I grew up just 12 miles from the start line of the Boston Marathon. During my elementary school years my dad would take us to a spot along the route, not far from that Hopkinton start, where we joined other happy onlookers lining both sides of the street to cheer on the runners. I have the most vivid memories of excitedly offering out orange slices to the athletes as they passed, giggling with a little sense of pride when one accepted my offering as they breezed by.
If ever there was a picture of this journey of life, yes, the marathon is it. Surrounded by a great cloud of witnesses, we press on towards the goal to win the prize.
Lining the sidewalks, our community, the family, friends, mentors, cheer leaders, that keep us running, keep us pressing in, pressing on, for what we know awaits us if we can just finish well. They are our people.
And yesterday, April 15, 2013, an uglier, darker side to the marathon/life analogy.
photo: David L. Ryan // The Boston Globe
In this world, we are promised, we will have trouble.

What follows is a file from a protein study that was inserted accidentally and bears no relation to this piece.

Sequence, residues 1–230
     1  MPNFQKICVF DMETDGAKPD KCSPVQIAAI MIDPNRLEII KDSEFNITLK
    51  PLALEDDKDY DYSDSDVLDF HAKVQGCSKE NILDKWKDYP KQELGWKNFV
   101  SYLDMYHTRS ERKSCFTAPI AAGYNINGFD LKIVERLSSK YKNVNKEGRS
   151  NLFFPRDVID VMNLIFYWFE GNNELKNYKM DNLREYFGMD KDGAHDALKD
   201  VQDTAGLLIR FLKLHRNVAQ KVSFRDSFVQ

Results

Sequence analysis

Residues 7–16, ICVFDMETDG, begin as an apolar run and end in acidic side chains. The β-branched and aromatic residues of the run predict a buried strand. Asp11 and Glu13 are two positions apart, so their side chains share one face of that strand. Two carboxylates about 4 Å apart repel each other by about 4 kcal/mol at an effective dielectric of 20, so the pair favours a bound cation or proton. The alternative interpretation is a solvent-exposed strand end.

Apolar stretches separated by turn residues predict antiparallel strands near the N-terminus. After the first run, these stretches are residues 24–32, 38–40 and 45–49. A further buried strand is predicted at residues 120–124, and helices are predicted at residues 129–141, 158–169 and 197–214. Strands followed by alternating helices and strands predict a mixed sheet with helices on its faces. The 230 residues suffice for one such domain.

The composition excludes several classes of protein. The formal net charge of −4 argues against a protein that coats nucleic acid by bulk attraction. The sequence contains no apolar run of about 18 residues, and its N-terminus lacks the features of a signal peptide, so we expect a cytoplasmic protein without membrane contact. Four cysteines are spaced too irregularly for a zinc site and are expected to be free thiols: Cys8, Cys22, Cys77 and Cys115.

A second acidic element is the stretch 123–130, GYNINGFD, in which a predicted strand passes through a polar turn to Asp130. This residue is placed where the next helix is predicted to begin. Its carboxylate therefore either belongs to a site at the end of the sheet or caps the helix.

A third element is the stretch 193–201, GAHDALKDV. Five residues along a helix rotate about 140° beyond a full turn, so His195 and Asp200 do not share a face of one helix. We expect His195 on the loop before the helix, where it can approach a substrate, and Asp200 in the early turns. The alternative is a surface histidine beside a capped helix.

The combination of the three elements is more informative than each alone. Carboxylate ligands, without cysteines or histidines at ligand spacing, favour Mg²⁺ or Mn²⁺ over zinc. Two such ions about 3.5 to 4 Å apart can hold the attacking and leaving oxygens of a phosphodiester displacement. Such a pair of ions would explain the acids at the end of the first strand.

Even though I know the world is a broken place, that it’s not as it will and should be on one glorious day, that evil is real but God is bigger, even still, the wounds sting and cut every time tragedy strikes. And every time, it feels a little bit closer to home. Last December, it came close to home.
I am a Boston girl, and this, this is close to home. My heart, broken for grieving families and a hurting people in the city I love most.
And the hardest thing I can imagine doing in the wake of grief is to run, to continue, to press on. When our hearts are aching, doubting, angry, and fighting fear at every turn, wouldn’t it be easier (and entirely respectable) to untie our laces, toss in the running shoes, and forget about this whole racing thing altogether?
But that’s not what runners do.
They press on.
Tend to wounds,
allow time for injuries to heal,
I am not a runner, but I like the way they operate.
The life’s-a-marathon-not-a-sprint mentality. It’s good theology.
Tomorrow my race may be over, but right now?
Right now, in this moment, I have breath in my lungs and there’s a race to be run.
Sweet friends, life here is but a whisper, but the greatest gift?
If we call out to Him, the finish line of this great race of life is really just the beginning.
with prayers // by grace,